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Protect the Economic Contributions of Key People to Your Company with the Right Insurance Choices
Posted by Allen & Furr Insurance on
The death or disability of a key person often creates economic hardship for a business or nonprofit organization, but life and disability insurance can ease the financial burden caused by the permanent or temporary loss of such an employee.
Insurance on the life or health of a key individual whose services are essential to the continuing success of an enterprise, and whose death or disability could cause the entity a substantial financial loss, is commonly known as key person insurance.
Venture capitalists, banks, and other lenders often insist that key person coverage be a part of the organization’s business plan, especially for any start-up businesses they fund. If a key person dies or becomes disabled, the benefits of the key person insurance typically go to the business to compensate for lost profits or extra expenses caused by loss of the key person. In some instances, the policy’s proceeds go directly to venture capitalists or banks, if they are listed as the beneficiaries. These policies allow the investors and creditors in a business to protect their investment.
The cost of covering a key person under either a life insurance or disability policy varies based on all of the same factors that apply to anyone seeking a new life and/or disability insurance policy, such as the amount of income the insurance would replace; the employee’s age, height, weight and medical history; and whether he or she smokes or has dangerous hobbies (e.g., skydiving).
Key Persons and Life Insurance The amount of insurance necessary is typically based on a determination of the financial dimension of a key person’s long-term worth to the business or organization. In some cases, a review of the employee’s responsibilities can help determine what should be the death benefit payable to a business in the event of the key person’s death.
For example, if the employee is responsible for a certain volume of sales, the death benefit under a life insurance policy could be the present value of the stream of sales that the key person would have generated if he or she had lived. If, instead, the key person has a high executive position, such that his or her main value is the vision and leadership provided to the business or organization, their value may be somewhat harder to quantify but is no less important to supporting the continuation of the enterprise.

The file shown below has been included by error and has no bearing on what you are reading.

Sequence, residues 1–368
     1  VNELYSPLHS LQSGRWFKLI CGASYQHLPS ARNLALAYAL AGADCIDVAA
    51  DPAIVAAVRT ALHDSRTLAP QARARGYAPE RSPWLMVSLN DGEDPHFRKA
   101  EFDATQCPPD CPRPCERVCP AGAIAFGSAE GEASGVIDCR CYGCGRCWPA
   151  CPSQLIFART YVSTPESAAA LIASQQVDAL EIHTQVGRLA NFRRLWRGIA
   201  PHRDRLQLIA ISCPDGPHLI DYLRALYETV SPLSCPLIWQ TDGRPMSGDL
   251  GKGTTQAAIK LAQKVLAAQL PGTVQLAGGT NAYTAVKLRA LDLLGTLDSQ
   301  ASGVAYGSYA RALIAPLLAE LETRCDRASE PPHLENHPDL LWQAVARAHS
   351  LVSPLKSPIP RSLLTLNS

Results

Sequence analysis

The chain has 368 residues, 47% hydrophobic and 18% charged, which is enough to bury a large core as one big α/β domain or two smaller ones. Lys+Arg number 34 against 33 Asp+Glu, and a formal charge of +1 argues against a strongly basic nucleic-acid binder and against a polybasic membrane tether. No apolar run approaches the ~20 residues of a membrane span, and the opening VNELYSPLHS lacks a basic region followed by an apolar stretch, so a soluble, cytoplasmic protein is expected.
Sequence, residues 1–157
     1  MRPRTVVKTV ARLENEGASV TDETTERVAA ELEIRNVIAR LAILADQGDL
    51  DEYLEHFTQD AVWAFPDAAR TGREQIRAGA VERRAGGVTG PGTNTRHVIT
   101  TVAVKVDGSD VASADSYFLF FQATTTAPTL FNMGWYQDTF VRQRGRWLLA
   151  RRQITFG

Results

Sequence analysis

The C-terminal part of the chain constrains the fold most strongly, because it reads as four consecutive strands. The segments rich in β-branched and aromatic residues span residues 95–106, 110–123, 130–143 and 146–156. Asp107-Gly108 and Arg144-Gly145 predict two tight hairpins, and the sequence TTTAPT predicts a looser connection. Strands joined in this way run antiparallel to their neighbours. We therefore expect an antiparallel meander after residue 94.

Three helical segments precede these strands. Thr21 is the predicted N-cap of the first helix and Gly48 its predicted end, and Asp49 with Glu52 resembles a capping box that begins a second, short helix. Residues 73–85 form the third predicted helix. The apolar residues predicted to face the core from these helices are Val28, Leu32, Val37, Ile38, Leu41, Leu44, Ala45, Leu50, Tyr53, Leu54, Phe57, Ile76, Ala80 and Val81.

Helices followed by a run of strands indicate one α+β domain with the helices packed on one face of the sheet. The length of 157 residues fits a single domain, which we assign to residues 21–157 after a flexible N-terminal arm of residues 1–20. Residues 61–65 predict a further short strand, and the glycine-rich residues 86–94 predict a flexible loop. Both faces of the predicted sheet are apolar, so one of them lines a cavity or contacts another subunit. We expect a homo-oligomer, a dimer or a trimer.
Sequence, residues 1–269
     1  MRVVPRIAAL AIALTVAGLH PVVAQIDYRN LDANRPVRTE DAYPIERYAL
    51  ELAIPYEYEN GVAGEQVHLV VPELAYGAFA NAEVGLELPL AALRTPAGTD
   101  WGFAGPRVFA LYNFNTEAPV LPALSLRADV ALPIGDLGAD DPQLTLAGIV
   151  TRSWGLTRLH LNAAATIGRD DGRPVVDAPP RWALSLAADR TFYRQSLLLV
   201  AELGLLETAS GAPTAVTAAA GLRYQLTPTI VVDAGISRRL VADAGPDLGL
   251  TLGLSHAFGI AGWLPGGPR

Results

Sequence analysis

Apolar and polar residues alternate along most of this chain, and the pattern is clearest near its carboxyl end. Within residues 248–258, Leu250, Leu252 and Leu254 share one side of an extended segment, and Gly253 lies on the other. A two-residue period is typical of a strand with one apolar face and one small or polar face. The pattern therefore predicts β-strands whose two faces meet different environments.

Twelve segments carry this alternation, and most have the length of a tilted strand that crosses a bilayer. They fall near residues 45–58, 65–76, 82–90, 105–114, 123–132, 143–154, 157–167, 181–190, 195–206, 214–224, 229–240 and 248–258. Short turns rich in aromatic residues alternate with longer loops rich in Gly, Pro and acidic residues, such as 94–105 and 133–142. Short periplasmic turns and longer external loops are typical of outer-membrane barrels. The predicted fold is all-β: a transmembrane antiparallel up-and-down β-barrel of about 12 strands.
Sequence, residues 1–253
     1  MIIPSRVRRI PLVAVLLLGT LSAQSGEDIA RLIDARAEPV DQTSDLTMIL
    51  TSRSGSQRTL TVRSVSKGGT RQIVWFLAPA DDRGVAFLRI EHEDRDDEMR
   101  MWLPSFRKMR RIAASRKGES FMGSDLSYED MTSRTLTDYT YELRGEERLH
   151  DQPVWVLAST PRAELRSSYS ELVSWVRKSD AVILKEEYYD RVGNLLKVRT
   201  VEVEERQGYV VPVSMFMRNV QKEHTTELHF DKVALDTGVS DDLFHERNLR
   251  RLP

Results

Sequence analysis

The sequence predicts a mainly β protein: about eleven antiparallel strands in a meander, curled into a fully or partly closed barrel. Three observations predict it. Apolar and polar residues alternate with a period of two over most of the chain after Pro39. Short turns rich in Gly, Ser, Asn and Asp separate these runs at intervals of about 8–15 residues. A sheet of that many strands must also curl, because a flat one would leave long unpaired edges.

A business purchasing a life insurance policy to cover a key person should also consider covering the expected cost of replacing a key person, including the employment agency fees and potential moving expenses needed to recruit a successor, and possibly a higher salary for the new employee.
When a business purchases a life insurance policy for key person purposes, the business typically owns the policy, pays the premiums and is the beneficiary. The employee, having agreed to be listed as a key person, must agree to the company’s purchase of this insurance. Moreover, the life insurer may require a resolution from the policyholder’s board of directors stating the purpose of the policy’s key person policy provision.
Key Persons and Disability Insurance Key person provisions, when incorporated into disability insurance policies, are aimed at compensating the business for the temporary or permanent loss of a key person due to an injury or illness. A disability policy includes a definition of disability that must be satisfied before the beneficiary receives the policy’s benefits. Benefit payments are generally made to the beneficiary—whether it is a company or an individual—on either a weekly or monthly basis for a specified period of time.
Should a key person become permanently disabled, the economic loss to a business would be the same as if the person had died. But the risk of a key employee experiencing partial disability is much greater than the risk that the person will die. A 35-year-old has a 50 percent chance of being disabled and unable to work for three months or longer before he or she turns 65, according to the National Association of Insurance Commissioners (NAIC).